1. The public charging infrastructure has not kept pace with the amount of people buying and adopting EV’s, employees are being given electric cars, businesses are electrifying their fleets and unfortunately the industry is being met with challenges around new connections and supply’s, available land and long lead times for suitable DC Rapid chargers.
2. Businesses are using what would have been their green budgets to pay for their EV charging infrastructure aside for other business demands such as staff wage rises due to the cost-of-living crisis and they are hesitant due to UK market instability because of events like Covid. The events of recent years have made some businesses rethink their future strategies, but there are various ways to tackle business worries like lease contracts, fully funded and subscription models, this helps lighten the load and take away some of the financial constraints whilst allowing businesses to do the right the thing.
3. Monthly EV charger installations need to rise by 288% a month to meet the 300,000 EV charge points required by 2030. The only way this is feasible is by red tape being cut by DNO’s and Government departments, everyone needs to work together. Manufacturers can also make sure they are producing load limiting AC & DC chargers.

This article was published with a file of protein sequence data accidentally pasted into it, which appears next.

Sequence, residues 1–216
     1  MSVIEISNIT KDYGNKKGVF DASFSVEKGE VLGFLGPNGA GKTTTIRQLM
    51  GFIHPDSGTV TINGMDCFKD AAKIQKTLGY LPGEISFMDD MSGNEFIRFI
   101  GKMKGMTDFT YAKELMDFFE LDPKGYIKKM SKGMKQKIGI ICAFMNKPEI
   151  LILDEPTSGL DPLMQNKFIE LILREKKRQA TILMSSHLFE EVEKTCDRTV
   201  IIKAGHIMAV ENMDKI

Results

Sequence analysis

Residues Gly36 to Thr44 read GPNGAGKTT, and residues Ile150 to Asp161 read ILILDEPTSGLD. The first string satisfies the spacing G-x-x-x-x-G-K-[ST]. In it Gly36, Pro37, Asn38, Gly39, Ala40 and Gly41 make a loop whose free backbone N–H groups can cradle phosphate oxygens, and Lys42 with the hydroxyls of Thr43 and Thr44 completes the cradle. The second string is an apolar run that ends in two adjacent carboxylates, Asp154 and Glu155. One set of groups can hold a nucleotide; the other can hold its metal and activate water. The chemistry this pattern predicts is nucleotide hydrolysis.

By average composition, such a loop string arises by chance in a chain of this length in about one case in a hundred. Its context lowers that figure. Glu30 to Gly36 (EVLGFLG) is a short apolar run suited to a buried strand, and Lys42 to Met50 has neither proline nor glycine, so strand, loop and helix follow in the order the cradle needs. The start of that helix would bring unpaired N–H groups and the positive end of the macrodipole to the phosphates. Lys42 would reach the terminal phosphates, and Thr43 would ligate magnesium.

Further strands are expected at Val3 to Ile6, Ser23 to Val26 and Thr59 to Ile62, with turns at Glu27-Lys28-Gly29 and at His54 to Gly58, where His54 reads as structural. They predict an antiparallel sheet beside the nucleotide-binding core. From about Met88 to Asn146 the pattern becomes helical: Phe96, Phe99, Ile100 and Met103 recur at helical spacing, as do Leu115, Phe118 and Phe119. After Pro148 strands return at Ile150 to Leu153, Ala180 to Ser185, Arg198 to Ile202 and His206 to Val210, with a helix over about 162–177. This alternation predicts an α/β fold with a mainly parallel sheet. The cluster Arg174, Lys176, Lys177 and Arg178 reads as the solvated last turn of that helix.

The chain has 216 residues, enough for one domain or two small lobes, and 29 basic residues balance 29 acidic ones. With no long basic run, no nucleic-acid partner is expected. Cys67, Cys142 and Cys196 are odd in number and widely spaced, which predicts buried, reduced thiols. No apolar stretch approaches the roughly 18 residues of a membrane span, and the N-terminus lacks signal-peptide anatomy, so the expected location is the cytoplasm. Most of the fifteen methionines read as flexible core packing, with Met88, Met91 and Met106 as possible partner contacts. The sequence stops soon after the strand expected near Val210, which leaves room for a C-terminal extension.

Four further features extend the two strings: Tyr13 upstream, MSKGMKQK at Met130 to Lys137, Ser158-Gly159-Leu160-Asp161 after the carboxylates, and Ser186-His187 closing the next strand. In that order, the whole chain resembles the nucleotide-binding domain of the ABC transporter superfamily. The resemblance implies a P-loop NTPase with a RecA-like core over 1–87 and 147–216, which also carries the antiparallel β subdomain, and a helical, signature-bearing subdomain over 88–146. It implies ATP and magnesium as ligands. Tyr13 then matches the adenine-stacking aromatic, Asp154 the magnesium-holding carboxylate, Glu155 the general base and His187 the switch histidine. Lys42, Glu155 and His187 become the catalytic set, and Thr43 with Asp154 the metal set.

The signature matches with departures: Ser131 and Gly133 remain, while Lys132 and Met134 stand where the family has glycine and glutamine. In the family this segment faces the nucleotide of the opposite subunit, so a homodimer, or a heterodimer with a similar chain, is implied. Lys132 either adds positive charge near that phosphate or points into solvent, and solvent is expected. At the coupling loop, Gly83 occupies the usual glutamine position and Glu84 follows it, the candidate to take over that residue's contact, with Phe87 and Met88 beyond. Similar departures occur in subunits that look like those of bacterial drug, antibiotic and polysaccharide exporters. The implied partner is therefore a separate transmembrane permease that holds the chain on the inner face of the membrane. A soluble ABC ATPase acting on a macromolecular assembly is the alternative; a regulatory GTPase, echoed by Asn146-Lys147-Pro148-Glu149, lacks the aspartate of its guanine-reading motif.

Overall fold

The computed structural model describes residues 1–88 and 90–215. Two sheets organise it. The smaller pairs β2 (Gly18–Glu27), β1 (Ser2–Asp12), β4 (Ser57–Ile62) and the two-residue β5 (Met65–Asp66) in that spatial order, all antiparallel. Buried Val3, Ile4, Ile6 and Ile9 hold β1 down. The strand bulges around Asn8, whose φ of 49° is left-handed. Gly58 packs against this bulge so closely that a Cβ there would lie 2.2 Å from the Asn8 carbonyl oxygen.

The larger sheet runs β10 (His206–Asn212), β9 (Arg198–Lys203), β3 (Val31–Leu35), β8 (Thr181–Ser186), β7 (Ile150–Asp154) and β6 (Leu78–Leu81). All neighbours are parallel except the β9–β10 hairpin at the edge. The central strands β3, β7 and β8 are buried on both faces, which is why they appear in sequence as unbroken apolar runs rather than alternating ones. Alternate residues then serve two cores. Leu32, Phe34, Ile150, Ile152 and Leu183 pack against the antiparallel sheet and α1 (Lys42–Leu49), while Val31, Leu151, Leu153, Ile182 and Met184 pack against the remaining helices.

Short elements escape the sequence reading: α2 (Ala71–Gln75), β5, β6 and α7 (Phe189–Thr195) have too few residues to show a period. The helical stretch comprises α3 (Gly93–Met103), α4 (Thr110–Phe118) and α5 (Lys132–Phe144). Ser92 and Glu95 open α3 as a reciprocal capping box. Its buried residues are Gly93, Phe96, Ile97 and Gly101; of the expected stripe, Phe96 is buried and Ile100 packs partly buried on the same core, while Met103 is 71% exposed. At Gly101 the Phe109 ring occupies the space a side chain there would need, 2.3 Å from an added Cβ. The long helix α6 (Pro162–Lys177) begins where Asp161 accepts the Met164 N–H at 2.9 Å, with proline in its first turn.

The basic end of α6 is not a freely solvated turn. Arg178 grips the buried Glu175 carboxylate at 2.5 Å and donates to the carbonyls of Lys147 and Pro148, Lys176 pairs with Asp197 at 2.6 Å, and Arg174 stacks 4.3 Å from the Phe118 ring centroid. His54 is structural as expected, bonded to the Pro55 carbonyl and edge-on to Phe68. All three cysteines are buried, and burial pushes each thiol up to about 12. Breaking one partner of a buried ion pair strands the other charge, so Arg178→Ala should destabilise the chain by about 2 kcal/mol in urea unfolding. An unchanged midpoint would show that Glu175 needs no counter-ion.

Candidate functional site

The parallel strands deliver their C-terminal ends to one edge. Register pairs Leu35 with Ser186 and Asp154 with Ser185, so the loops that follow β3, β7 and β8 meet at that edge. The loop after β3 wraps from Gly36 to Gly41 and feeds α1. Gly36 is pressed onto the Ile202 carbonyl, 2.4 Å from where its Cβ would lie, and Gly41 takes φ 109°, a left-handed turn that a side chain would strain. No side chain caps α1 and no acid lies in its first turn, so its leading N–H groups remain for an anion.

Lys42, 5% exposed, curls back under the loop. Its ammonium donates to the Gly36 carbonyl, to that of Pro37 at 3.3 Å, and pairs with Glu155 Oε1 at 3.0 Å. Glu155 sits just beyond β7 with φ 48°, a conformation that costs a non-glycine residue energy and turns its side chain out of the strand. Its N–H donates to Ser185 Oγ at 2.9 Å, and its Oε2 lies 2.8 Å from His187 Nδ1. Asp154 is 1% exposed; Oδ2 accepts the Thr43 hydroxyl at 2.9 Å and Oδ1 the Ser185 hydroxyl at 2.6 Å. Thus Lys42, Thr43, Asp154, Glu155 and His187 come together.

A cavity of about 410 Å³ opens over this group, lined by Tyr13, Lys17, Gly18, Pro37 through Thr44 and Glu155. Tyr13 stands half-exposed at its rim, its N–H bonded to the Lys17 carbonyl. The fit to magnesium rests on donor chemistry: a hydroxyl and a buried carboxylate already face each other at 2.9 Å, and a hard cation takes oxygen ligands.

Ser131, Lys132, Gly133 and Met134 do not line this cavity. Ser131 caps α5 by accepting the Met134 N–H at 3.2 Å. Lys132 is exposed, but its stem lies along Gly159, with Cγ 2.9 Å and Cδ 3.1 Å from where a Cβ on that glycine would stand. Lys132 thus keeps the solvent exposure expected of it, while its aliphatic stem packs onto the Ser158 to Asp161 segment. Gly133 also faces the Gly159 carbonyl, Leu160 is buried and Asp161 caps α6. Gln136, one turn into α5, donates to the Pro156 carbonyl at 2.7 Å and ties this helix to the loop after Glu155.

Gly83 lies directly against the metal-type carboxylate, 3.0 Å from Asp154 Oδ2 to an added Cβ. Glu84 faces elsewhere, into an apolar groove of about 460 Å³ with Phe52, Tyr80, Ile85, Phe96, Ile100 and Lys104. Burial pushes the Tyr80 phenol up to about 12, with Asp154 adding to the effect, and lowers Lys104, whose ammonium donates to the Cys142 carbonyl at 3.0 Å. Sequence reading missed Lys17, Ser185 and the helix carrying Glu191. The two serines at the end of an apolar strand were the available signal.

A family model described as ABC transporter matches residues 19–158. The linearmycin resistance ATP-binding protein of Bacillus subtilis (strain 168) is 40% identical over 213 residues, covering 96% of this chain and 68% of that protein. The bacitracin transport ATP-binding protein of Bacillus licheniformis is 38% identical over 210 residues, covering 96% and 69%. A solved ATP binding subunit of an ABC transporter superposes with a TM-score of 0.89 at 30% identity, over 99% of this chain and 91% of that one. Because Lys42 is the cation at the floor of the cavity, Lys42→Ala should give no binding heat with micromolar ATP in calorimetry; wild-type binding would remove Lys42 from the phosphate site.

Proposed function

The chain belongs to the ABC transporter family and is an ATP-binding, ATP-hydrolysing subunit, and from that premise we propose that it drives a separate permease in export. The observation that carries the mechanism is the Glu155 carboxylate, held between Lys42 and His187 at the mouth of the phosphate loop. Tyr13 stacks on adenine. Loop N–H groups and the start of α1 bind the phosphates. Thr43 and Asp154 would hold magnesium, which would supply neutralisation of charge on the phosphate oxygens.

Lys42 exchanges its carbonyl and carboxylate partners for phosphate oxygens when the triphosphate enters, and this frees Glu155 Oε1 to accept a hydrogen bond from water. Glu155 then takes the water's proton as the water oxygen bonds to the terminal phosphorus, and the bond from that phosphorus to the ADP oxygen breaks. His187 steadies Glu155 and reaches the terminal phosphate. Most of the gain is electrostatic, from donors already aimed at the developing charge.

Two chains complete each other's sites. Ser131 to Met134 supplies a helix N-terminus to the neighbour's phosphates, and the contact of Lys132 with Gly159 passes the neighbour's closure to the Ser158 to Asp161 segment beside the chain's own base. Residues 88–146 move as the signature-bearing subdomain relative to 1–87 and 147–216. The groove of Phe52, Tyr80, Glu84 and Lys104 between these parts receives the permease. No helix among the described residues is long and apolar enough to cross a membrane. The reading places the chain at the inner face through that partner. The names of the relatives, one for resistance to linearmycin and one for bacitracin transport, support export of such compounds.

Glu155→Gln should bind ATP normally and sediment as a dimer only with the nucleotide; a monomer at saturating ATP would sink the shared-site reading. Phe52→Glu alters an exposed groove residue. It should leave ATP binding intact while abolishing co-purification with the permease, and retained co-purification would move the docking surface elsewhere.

4. Land not being available, this can easily be helped by local authorities giving up some of their land and making it available for redevelopment and investment, including the park and ride sites.
5. Businesses not understanding the feasibility of their site and potential limitations of supply when choosing what chargers they would like. This is especially tricky for businesses that run fleets that need to be in and out of their business more than once in a day. The good thing is companies like mine can help with feasibility studies that will inform us of the max demand over a period of time, designs can then provide the infrastructure to meet their current and future demands, meaning they get most out of the chargers.